With recent comments in the press from Ospreys’ forwards coach Jonathan Humphries, and the slight gloom still hanging over Welsh rugby after their disappointing Autumn Internationals display, is there any validity to the thinking that do we in Wales have our expectations too high?
Humphries was alluding solely to European Cup prospects in his comments yet his words hold a lot of truth. With regional budgets being below what other countries involved in the tournament have, it is that much harder for the Welsh sides to build up a competitive squad that is able to compete effectively. There is so little strength in depth in quality in the Welsh sides that even a small number of injuries can de-rail a season. Whilst this does not excuse some below par performances, it does give an idea as to what trials the Welsh sides face.
With the regions seemingly at a disadvantage domestically, this hasn’t always been carried over to the international stage. Indeed three Grand Slams in the last eight seasons for Wales looks like an excellent return in comparison to the other teams competing in the 6 Nations. What this doesn’t show however is that when Wales aren’t winning then they are usually struggling near the bottom of the table, yet there is the worry that the public at least in Wales can get carried away with expecting Wales to win without looking at the full picture in Welsh rugby.
It doesn’t take much to de-rail Wales’ momentum and results. Despite being hindered by a limited game plan and often poor form of Wales’ established players, it is often injury to even just a couple of players that really seems to put paid to their chances.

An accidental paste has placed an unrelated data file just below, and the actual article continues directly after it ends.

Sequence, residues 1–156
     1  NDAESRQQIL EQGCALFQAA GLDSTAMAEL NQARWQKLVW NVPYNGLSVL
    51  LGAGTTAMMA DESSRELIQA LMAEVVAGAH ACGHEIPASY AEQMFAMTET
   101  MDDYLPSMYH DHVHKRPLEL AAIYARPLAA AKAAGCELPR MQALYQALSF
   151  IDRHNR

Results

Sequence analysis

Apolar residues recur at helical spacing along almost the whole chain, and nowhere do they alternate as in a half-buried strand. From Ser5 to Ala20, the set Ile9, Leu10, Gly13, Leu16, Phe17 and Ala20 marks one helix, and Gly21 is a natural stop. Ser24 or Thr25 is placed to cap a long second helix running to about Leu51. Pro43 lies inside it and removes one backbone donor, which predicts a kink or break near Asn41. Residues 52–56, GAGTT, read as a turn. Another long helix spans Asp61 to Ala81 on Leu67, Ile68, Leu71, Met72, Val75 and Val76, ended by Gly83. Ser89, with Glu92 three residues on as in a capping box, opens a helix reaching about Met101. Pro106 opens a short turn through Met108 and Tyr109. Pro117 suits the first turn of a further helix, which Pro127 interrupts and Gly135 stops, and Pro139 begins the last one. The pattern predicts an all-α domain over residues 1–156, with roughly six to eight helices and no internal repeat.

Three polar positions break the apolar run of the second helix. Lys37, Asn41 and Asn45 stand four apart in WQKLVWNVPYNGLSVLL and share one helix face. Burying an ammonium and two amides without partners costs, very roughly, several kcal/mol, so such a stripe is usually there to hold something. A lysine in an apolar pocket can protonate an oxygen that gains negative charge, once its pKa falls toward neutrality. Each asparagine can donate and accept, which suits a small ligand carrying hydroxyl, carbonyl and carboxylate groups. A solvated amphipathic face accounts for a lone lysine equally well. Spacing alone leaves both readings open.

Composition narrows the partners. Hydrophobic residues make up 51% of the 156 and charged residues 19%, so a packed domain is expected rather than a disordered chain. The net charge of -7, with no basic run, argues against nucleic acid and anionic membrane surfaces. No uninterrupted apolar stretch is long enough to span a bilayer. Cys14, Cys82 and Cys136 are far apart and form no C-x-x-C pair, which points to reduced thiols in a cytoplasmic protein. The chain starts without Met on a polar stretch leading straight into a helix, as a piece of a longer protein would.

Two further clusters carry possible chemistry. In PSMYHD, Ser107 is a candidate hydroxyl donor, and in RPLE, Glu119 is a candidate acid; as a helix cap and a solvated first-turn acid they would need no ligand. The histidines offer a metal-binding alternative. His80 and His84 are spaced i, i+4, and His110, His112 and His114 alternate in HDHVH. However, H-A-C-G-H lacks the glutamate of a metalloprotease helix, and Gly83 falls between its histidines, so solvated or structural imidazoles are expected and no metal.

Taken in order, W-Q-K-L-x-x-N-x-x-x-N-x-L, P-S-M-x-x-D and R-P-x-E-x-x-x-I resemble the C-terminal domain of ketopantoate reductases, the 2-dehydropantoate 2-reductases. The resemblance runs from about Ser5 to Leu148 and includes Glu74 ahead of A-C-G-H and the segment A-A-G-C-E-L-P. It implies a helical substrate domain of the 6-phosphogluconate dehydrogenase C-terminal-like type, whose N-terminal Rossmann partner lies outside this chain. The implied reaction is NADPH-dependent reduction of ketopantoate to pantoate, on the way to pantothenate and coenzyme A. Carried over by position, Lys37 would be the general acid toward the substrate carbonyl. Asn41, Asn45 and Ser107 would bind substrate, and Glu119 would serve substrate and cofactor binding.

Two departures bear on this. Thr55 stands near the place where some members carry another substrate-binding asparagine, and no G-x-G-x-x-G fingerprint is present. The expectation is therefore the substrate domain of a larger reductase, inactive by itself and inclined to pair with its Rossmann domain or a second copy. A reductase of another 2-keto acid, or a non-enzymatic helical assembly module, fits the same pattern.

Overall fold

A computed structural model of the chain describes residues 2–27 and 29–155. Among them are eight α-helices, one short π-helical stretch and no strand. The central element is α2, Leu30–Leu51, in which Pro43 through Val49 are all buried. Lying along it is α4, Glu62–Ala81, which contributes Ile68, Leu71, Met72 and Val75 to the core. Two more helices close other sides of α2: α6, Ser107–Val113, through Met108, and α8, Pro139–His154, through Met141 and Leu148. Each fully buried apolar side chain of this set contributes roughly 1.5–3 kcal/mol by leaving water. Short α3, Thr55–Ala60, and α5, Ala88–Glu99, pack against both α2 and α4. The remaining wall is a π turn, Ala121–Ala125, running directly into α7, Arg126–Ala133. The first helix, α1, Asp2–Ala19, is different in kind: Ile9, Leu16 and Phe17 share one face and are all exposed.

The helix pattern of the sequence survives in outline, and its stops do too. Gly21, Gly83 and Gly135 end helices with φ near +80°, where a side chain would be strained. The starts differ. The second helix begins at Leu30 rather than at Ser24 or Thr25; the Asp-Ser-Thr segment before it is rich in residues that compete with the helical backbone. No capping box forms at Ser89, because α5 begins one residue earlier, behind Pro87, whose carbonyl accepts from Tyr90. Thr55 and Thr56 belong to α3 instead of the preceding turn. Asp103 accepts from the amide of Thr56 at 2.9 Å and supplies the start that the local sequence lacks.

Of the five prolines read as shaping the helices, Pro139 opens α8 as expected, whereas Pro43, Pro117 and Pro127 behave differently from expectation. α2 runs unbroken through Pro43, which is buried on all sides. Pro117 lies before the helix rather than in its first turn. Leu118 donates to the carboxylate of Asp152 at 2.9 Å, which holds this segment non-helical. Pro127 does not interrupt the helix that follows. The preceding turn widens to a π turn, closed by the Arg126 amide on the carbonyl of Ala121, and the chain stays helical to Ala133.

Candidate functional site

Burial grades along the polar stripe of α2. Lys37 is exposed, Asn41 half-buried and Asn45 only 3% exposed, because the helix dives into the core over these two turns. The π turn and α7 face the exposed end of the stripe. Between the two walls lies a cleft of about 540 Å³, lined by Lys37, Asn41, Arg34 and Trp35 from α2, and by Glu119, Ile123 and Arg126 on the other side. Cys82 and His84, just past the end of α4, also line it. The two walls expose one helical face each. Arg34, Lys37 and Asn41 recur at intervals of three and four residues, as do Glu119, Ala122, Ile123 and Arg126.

Wales are not in the position of say France and England where there is a depth in talent at the very highest level to call upon. Wales has an incredibly strong match day squad when all their players are fully fit, but in the unceasing rugby calendar, the chances of teams ever being able to field a fully fit squad now are few and far between.
Wales’ squad for the 6 Nations is at the moment missing one of its key players in Dan Lydiate. One of their other effective back row players Ryan Jones is struggling for full fitness. In the second row their only first choice lock in the squad, Ian Evans, is also struggling with recovering from injury.
Wales go into this tournament as defending Grand Slam champions. They also go into the tournament missing a large number of players that made last season’s campaign so successful.
Regardless of the talent within this Wales side, to win a 6 Nations title is difficult enough let alone trying to defend one. Wales are capable of winning all their matches but they are just as capable of losing a fair few of them too. Irrespective of the outcome what Wales fans will be wanting at the very least is an improved performance.
If Wales can show some inventiveness in their back play and re-discover their rock hard defence then injuries withstanding they will pose a serious threat for any side in the tournament. To expect Wales to win this tournament again might be bordering on dreaming, but to see an improvement in quality, commitment and hopefully results must be what every Welsh supporter is looking for.